On May 21, 2019, at the annual meeting of the American Law Institute, members considered a proposal to approve a Restatement of the Law of Consumer Contracts (RLCC). Members discussed the draft for over four hours and ultimately had to defer the vote for a later meeting due to a lack of time. The subject of “consumer contracts” sounds about as interesting as reading fine print. So what stirred up such passions?
The proposed RLCC is an attempt to unsnarl the messy strands of contract law that have sprung up with the rise of all things digital. For contracts professors, nothing less than the soul of contract law (and the UCC) is at stake. As a general matter, the objective of contract law is to promote individual autonomy. A contract is a tool of autonomy. It allows parties to allocate their rights (to property) in a way that they think best. Accordingly, the traditional role of courts in adjudicating contract disputes has been to fulfill the “reasonable expectations” of the parties. Reasonable expectations is itself a compromise in the sense that it may not give a party exactly what that party intended or expected. Courts generally have navigated the “reasonable expectations” territory between two poles – consent and paternalism. They will not find a contract without consent and they will not make a contract for the parties or save the parties from making a bad bargain if that is something to which they consented. If, however, the terms are against public policy or the court suspects consent was not actually knowing or voluntarily, then they will refuse to enforce it under a doctrine such as unconscionability, duress, mistake or fraud.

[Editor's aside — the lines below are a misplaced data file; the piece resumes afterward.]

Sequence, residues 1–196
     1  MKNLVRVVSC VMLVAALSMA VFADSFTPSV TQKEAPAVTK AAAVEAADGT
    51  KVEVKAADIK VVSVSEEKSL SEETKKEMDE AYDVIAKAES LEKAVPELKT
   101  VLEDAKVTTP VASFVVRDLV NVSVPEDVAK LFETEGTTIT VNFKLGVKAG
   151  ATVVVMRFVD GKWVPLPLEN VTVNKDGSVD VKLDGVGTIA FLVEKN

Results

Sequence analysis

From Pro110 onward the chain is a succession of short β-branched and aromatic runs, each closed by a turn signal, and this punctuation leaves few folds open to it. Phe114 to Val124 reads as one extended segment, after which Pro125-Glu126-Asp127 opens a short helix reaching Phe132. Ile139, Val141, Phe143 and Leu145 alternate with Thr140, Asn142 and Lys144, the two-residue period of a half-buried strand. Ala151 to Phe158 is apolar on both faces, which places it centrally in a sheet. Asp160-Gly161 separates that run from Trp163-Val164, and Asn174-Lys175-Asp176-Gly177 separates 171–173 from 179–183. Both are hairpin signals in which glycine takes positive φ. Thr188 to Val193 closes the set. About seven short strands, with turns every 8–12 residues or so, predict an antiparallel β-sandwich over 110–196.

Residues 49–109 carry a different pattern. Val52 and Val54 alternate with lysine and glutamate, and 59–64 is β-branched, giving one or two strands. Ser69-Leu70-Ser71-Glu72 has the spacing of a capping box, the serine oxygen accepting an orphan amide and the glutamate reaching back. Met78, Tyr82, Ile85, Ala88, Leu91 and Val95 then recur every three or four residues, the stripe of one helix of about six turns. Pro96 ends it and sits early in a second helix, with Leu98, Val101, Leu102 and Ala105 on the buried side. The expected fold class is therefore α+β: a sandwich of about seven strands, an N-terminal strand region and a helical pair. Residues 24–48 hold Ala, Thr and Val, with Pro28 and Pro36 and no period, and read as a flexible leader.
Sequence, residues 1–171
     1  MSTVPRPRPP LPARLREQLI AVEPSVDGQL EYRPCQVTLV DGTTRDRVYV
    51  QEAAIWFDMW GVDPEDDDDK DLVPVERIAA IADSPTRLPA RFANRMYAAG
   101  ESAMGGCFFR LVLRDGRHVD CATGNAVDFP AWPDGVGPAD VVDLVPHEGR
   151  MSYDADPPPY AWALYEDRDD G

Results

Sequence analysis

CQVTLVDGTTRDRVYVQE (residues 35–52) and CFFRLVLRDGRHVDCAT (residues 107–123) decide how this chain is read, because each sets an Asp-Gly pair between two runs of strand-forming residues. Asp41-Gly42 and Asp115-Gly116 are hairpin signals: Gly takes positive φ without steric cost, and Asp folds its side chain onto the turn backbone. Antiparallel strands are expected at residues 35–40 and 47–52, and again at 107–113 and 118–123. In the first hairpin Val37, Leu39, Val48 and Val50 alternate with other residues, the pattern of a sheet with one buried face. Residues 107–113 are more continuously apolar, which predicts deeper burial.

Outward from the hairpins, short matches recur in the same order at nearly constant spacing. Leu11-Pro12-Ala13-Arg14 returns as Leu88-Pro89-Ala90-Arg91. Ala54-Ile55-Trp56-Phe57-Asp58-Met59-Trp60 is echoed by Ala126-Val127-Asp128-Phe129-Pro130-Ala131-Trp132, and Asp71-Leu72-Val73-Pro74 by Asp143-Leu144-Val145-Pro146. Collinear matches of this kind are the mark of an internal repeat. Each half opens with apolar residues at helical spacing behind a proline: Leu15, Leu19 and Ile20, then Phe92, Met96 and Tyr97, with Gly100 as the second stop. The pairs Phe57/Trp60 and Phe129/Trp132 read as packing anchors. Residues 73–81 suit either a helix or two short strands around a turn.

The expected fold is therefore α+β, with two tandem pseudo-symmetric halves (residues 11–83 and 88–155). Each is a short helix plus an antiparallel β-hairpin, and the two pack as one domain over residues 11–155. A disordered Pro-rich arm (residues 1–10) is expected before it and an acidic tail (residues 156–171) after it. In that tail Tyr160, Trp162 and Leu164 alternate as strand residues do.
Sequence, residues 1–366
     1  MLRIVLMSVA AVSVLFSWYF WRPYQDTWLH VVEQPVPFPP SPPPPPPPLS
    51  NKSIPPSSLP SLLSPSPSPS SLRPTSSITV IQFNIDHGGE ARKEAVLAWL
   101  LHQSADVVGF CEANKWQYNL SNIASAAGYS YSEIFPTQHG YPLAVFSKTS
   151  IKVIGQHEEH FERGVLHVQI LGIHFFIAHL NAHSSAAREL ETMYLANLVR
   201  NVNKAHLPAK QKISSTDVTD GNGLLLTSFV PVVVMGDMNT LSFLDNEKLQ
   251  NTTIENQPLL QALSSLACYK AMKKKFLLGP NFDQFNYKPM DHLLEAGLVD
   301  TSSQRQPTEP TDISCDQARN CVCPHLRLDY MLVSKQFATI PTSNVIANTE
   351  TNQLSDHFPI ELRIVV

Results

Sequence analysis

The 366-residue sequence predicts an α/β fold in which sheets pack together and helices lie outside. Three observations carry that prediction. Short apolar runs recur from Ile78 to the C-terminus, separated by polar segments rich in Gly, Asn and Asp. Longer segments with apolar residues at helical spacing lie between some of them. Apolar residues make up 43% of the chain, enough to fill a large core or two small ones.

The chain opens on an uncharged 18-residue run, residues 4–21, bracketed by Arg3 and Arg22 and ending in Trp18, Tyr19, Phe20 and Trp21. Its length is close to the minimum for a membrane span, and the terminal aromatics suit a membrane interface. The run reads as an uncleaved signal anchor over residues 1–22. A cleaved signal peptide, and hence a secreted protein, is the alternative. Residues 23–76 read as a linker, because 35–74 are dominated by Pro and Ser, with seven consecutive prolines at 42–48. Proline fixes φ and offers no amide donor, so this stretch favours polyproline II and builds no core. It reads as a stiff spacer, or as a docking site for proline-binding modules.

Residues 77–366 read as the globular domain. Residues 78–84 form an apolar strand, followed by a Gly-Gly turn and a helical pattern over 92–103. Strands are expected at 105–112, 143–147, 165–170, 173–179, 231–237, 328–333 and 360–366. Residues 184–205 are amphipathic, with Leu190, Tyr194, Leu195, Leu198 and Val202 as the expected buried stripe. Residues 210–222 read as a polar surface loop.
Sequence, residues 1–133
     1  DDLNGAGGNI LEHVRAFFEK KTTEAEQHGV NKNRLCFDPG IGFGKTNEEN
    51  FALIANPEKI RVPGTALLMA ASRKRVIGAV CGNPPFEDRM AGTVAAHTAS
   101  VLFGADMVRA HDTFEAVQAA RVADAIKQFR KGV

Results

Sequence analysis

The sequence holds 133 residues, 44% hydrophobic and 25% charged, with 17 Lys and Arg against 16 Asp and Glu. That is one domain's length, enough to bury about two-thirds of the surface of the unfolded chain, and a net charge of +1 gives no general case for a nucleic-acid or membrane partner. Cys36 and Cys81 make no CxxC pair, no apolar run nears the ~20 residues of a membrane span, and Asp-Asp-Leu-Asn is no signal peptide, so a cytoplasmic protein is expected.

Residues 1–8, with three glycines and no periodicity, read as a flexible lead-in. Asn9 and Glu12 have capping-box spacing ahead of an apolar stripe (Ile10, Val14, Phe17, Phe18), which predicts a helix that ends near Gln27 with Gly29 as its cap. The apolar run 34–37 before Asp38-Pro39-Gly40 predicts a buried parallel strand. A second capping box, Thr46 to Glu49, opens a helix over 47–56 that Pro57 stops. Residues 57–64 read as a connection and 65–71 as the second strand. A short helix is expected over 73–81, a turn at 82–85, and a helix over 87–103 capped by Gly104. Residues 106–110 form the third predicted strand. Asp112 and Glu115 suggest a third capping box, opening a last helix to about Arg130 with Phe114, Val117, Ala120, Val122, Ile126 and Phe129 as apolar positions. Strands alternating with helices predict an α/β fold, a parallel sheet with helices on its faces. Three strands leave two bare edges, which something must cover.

Contracts allow parties to get the most out of their property by allocating rights in a way that they see fit. Accordingly, another objective of contract law is to reduce transaction costs. Parties get more value from property ownership by being able to exchange rights to that property. Efficiency in the context of contract law does not mean making choices for the parties; the law does not impose contracts on parties even if doing so would increase their welfare. Courts enforce contracts because the parties have consented, and consent is the heart of autonomy. Consequently, efficiency is a goal of contract law only to the extent that it is in the service of autonomy.